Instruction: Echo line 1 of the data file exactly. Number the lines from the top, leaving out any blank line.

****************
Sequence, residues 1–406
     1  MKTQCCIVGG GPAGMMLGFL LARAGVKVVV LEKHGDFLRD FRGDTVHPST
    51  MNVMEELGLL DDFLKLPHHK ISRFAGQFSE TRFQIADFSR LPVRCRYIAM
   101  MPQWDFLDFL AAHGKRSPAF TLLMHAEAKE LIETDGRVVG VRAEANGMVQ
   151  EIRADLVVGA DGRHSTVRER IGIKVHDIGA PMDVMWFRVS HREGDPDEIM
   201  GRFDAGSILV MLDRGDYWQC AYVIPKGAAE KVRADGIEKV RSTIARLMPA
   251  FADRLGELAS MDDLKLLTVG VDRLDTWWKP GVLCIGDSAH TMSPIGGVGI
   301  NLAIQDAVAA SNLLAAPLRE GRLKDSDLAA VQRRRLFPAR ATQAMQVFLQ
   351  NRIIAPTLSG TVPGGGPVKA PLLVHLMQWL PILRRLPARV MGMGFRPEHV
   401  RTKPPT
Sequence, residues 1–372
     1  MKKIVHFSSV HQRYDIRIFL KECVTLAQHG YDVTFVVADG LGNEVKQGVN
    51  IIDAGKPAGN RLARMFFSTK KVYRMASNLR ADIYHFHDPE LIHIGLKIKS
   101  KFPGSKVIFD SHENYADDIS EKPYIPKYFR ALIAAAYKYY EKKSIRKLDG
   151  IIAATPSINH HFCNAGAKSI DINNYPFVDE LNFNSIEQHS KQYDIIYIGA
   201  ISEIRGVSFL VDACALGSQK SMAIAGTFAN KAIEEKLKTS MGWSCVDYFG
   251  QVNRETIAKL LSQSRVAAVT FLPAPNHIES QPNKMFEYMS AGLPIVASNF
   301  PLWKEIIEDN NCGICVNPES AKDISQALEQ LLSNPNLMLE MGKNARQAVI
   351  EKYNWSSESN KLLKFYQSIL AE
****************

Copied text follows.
Sequence, residues 1–406